others. Plans should be included in all local contracts
beginning in 2017.
In cases when districts and local bargaining units cannot
come to an agreement, the state should impose a default
model that is developed by a state task force representing
diverse communities. (See example plan in figure 3.)
C AV E ATS AN D C ON S I D E R ATI ON S : There

is not one
perfect measure, so multiple measures of performance and
experience should be included in a clear and transparent
plan. Additionally, because the teacher evaluation
law requires three-year performance review cycles,
modifications to the layoff policy should not start
before 2017.
Finally, explicit language should be included to prohibit
districts from using salary as a factor in layoffs. Transparent
layoff plans based on multiple measures that are reliable
and objective would protect against the influence of salary
in staffing decisions.

We believe that amending the current layoff policy is a step


in the right direction preventing teachers of color from
being disproportionately impacted during budget cuts.
We would also recommend going further by having all
districts conduct racial impact analyses prior to layoffs
to determine if they will disproportionately impact
teachers of color. When there is an impact on teachers

CURRENT MINNESOTA LAYOFF LAW


Currently, Minnesota requires districts to lay off teachers in the inverse order in which they were hired, unless a
different plan is negotiated.43 While some districts have contracts that include small categorical exceptions to strictly
seniority-based layoffs, such as protecting bilingual teachers or native language instructors, seniority is the sole factor
determining layoffs across Minnesota.44

Fig. 3 Sample Multi-Measure Layoff Policy

15%
SENIORITY
(Years of experience)

20%

AT T E N D A N C E
(Unexcused absences)

10%

LEADERSHIP
(Extra responsibilities, including hybrid
leadership roles such as mentor,
equity coach, instructional coach)

55%

T E A C H E R E VA L U AT I O N S
(Multiple measures; observations,
value-added measures or other
student achievement data, and
student surveys)

RETENTION
25

METHODOLOGY
IDENTIFYING E4ES POLICY FOCUS
E4E conducted focus groups with diverse groups of teachers
who work in public district and public charter schools.
We polled hundreds of E4E members across Minnesota to
identify the most important policy issues affecting teachers
classrooms and careers. Teacher diversity was the most
important issue to many of our members. An Equity Action
Team of teachers was formed in February 2014, which aimed
to launch an advocacy campaign to create meaningful
change. After meeting for several months, the team formally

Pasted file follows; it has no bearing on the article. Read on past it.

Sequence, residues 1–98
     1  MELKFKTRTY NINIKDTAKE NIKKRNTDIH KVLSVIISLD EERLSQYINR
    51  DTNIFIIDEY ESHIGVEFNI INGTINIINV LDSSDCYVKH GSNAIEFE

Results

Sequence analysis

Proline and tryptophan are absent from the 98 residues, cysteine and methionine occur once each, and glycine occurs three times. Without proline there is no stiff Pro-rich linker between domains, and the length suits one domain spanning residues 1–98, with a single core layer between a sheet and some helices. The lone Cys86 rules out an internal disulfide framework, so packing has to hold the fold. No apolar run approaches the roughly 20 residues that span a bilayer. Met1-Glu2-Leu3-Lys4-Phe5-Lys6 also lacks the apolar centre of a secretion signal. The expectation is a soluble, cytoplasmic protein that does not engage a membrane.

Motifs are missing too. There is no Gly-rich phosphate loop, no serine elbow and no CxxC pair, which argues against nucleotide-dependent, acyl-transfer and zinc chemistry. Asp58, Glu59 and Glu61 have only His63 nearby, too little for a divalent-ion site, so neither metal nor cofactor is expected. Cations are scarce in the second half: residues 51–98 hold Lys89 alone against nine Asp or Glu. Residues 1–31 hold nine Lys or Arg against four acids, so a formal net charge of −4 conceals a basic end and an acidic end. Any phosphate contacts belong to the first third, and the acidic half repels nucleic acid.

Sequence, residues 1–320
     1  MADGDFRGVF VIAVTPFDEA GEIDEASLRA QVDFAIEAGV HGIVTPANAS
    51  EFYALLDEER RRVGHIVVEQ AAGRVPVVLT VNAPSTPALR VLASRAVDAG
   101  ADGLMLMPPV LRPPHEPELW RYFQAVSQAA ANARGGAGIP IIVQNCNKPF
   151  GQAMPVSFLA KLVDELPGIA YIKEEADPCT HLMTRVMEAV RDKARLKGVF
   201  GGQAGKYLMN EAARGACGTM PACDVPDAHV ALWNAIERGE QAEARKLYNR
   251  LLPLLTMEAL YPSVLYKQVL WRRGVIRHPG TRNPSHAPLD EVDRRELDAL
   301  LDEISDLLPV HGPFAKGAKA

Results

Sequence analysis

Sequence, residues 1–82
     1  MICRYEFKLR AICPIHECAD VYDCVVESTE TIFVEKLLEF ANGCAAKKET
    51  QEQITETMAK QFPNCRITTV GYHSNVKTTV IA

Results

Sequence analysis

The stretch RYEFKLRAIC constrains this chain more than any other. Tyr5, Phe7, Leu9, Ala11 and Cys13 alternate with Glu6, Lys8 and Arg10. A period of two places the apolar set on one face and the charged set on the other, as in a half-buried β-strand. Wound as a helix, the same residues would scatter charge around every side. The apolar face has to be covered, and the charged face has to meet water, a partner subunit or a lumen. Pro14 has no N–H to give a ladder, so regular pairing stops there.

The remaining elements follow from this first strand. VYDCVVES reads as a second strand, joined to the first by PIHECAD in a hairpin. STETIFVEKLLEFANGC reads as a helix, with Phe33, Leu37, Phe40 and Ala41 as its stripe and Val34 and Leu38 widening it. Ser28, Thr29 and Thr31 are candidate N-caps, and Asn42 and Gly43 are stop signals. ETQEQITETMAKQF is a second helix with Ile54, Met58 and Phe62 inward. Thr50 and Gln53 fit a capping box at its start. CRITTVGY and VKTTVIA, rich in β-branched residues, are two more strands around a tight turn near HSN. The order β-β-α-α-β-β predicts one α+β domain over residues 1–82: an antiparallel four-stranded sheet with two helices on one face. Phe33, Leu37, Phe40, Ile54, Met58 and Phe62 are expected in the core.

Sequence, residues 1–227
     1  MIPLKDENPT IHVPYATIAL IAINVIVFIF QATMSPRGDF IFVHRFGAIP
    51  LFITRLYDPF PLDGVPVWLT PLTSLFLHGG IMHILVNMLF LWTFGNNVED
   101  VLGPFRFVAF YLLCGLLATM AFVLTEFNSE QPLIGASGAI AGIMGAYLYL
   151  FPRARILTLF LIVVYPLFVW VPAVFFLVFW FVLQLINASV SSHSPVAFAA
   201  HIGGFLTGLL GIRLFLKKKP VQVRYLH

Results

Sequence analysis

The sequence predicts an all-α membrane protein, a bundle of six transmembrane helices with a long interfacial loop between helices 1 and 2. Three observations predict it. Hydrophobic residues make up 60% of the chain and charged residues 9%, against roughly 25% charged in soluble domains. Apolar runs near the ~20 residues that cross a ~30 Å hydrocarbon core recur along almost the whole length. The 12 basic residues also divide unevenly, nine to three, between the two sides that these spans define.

launched a Teacher Policy Team to commit to researching
and developing policy recommendations.

REVIEWING RESEARCH
We met over the course of two and a half months to review
research on recruitment, induction, and retention of teachers
of color. We looked at current problems, root causes, barriers,
and potential solutions. As we explored solutions, we looked
to programs and ideas from across the nation, as well as
promising policies and practices right here in Minnesota.
We coupled this research with our experiences as educators
to craft our recommendations to districts and the state.

CONDUCTING LOCAL RESEARCH


We conducted interviews with teacher colleagues, district
leaders, and other education stakeholders to gather critical
information about current policies and practices. After
developing initial ideas for recommendations, Teacher Policy
Team members held focus groups, surveyed colleagues, and
hosted a large-group listening session to gather feedback and
finalize our recommendations. In total, we gathered feedback
from over 200 educators.

CON CLU S I O N
In the last decade, research has proven that
teacher quality is the most important in-school factor
impacting student achievement. For that reason,
we have seen a series of new policies aimed at
improving and monitoring teacher quality. All too
often, teacher diversity is seen as an afterthought
or an additional challenge to improving teacher
quality rather than the asset it is. We know
that relationships drive learning, and we have
seen firsthand the positive impact that culturally
competent teachers, and particularly teachers of
color, can have on our students success.
From our research and our personal experiences,
we know the current problem can be fixed through
policy change and racial justice-focused leadership.
We urge our policymakers at the state and district
level to adopt the recommendations outlined here
and to seize the opportunity to increase the
diversity of our teacher workforce.
passion, dedication, and skills that we seek to
instill in them through our educational system.

CONCLUSION

Our students deserve leaders who embody the

27

APPENDIX:
Districts and school leaders should collaborate with staff to
create a working definition of cultural inclusivity for the
district. For example, districts could create a rubric with
descriptions of what cultural inclusivity looks like for a
school and its staff members. Districts could then evaluate
individual schools and also have staff evaluate their own
schools using a common rubric. This would allow districts
to highlight schools that are excelling and to turnkey
best practices.

should invest in a framework, shared across school sites.


School leadership should provide ongoing training on
the curriculum and how to infuse those conversations in
our work as educators. For example, many districts use
Courageous Conversations curriculum paired with ongoing
equity trainings. Once the staff has received training, race
and equity conversations should be embedded within the
day-to-day school operations of Professional Learning
Communities (PLCs), observations, staff meetings,
and more.

SELECT A F R A M EWO R K A N D I N VES T I N TR AI N I N G :